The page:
Authored by: Jake Kendall
Can new sources of electronic transactional data improve financial services for the poor?
Financial services companies in wealthy nations depend heavily on data to design their products, segment the market, and tailor individual products to individual consumers. A very basic example is using credit scores, derived from past financial history, to set interest rates and target credit offerings. More advanced approaches use customer-level analytics that identify customer life events (births, moves, entering school, receiving a bonus, etc.) to sell financial services offerings.
To date, this data-driven approach has been largely impossible for any banks that would pursue it with populations at the bottom of the economic pyramid. Most of the poor use informal cash-based financial services and have no formal relationships (not even regular utility bill payments) and thus have no financial data to mine.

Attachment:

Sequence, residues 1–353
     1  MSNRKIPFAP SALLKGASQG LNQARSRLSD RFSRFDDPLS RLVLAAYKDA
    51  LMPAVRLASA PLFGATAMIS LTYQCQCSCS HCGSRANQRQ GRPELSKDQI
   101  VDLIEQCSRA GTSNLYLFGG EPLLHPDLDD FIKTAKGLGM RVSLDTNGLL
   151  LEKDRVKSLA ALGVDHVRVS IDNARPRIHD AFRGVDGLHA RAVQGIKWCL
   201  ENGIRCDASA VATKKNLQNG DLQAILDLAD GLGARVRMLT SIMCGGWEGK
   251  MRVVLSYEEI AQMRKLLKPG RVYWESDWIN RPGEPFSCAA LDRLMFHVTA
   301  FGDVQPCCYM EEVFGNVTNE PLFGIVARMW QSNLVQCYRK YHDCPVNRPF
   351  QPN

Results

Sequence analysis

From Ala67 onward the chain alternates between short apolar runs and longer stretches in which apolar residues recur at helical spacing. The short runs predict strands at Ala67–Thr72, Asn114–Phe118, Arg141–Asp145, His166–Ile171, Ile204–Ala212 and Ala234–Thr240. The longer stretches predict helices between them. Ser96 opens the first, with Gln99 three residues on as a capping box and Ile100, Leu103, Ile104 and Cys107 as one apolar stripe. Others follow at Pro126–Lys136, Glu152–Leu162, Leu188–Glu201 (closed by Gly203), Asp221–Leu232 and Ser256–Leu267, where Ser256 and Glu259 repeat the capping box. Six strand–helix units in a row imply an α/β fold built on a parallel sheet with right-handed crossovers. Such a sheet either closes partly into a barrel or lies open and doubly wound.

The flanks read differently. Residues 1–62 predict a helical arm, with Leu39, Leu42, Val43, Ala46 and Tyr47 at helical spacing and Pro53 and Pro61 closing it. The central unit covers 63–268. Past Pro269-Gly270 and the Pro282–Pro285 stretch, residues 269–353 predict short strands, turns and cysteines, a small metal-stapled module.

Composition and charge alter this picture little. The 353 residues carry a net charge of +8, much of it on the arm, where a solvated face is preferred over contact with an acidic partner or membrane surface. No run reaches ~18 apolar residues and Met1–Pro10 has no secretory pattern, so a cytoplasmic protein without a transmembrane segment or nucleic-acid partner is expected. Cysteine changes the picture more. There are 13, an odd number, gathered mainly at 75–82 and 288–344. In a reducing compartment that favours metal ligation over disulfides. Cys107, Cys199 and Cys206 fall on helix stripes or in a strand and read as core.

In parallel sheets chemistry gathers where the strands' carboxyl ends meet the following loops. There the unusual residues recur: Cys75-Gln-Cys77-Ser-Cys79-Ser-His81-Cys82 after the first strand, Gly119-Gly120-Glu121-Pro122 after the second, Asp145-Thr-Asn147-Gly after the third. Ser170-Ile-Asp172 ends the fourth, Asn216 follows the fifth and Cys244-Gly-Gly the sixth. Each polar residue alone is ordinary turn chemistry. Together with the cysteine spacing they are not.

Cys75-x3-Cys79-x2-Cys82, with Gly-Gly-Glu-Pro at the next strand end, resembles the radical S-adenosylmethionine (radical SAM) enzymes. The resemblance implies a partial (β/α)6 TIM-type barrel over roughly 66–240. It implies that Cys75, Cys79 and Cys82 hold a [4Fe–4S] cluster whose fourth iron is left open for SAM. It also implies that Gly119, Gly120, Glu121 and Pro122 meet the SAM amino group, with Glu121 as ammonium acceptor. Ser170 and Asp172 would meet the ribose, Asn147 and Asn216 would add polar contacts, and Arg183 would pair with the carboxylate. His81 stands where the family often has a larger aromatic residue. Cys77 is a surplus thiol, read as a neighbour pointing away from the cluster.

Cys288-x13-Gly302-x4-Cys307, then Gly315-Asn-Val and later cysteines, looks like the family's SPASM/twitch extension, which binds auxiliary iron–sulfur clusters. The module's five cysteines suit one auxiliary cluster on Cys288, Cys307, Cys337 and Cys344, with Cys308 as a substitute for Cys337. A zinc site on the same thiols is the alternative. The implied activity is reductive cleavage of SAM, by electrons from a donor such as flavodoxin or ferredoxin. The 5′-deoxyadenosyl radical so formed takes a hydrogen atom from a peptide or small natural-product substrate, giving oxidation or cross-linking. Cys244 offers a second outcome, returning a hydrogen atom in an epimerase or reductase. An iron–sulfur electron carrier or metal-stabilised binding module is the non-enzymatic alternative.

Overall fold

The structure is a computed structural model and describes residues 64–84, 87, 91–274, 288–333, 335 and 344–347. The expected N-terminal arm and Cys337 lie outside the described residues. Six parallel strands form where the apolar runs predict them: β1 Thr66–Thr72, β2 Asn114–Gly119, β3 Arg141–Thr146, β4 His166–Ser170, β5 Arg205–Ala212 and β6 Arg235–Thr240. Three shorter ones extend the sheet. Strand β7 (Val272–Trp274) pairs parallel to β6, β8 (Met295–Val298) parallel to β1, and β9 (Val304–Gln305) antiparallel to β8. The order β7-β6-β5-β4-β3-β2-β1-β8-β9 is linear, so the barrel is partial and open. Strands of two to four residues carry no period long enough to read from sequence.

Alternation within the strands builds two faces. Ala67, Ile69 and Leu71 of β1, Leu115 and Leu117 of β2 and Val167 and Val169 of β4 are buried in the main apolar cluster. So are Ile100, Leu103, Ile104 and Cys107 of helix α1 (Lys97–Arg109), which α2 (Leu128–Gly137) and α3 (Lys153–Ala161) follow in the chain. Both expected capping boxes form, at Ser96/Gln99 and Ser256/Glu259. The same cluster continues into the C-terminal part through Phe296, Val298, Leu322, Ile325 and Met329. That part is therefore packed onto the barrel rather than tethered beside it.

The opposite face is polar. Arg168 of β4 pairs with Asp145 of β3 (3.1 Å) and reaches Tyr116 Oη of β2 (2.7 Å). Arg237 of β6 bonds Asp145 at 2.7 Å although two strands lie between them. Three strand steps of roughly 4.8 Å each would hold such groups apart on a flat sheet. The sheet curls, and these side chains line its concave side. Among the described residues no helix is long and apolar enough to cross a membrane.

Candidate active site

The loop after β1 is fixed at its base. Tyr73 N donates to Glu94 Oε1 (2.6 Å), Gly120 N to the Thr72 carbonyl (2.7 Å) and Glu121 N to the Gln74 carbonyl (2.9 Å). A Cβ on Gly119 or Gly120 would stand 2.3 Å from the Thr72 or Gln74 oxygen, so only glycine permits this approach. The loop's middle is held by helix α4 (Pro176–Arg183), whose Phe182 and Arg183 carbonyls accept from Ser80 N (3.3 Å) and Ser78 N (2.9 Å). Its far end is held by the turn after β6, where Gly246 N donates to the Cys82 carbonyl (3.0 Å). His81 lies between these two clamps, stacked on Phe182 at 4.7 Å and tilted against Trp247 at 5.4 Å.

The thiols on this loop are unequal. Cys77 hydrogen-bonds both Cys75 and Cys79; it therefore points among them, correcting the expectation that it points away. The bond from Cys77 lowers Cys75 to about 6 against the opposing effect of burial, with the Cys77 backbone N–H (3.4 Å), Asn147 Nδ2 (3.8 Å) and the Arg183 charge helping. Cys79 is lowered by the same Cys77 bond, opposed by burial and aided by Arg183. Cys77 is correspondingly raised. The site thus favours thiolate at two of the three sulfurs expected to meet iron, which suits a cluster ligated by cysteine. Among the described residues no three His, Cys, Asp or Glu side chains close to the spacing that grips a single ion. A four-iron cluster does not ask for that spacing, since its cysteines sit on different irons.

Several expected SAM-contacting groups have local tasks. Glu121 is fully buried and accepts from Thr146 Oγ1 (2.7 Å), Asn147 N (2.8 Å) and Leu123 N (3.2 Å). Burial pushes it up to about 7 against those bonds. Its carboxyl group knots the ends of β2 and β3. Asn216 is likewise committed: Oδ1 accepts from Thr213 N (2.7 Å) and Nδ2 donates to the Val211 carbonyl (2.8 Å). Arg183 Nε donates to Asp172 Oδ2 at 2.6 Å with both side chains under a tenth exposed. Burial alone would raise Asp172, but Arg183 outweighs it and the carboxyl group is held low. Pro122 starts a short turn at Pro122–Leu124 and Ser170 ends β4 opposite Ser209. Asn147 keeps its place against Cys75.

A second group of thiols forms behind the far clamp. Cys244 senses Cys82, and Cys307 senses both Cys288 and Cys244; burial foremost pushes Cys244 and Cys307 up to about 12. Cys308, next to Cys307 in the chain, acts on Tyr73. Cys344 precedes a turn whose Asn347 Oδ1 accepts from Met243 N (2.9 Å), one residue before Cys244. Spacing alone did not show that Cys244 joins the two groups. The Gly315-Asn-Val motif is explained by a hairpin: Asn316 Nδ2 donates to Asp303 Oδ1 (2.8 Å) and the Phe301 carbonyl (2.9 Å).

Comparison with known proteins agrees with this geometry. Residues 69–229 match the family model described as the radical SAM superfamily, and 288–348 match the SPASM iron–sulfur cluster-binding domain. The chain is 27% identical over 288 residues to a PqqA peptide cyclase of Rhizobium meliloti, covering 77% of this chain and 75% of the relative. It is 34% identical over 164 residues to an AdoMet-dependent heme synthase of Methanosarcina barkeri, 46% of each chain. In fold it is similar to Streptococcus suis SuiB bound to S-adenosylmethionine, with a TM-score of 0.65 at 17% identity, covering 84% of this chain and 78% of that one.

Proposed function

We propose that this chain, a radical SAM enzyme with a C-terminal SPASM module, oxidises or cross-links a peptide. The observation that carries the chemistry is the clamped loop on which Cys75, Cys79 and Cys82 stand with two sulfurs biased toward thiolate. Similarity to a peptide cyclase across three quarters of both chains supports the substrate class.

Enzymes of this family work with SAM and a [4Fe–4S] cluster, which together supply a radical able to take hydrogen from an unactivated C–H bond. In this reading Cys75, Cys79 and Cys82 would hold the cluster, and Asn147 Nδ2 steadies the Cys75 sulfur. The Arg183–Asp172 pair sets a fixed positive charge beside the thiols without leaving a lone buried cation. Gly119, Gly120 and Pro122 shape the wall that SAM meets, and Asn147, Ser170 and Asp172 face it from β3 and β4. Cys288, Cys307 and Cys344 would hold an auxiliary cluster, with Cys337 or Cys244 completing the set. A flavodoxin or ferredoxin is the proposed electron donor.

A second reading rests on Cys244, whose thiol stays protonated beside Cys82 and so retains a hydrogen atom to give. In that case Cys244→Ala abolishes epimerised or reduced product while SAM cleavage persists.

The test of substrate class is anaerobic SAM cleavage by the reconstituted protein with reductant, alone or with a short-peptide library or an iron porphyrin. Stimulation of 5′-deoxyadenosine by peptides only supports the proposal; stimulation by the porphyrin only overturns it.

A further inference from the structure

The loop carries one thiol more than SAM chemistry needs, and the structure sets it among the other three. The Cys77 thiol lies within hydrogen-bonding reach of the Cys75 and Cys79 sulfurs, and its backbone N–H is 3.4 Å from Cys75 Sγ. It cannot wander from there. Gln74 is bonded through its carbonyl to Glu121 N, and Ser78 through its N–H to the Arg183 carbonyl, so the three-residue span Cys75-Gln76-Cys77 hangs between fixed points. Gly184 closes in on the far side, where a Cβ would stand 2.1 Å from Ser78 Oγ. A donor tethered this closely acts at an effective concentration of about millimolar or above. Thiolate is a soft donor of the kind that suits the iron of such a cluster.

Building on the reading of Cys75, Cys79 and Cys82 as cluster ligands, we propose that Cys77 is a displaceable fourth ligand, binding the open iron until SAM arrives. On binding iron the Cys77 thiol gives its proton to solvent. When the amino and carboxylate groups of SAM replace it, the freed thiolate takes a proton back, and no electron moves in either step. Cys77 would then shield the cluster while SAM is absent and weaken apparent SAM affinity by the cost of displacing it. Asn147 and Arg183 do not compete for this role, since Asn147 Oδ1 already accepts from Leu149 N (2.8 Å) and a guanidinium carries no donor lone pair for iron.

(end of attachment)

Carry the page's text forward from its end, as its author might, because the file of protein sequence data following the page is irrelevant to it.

In a previous post, I alluded to the idea that mobile money systems are platforms over which a lot of financial and non-financial services can flow. A major benefit is that these systems take cash handling costs out of the system. Another potential benefit (still somewhat theoretical at this point) is that clients will create a financial history, and a useful (and valuable) trove of data for financial service providers.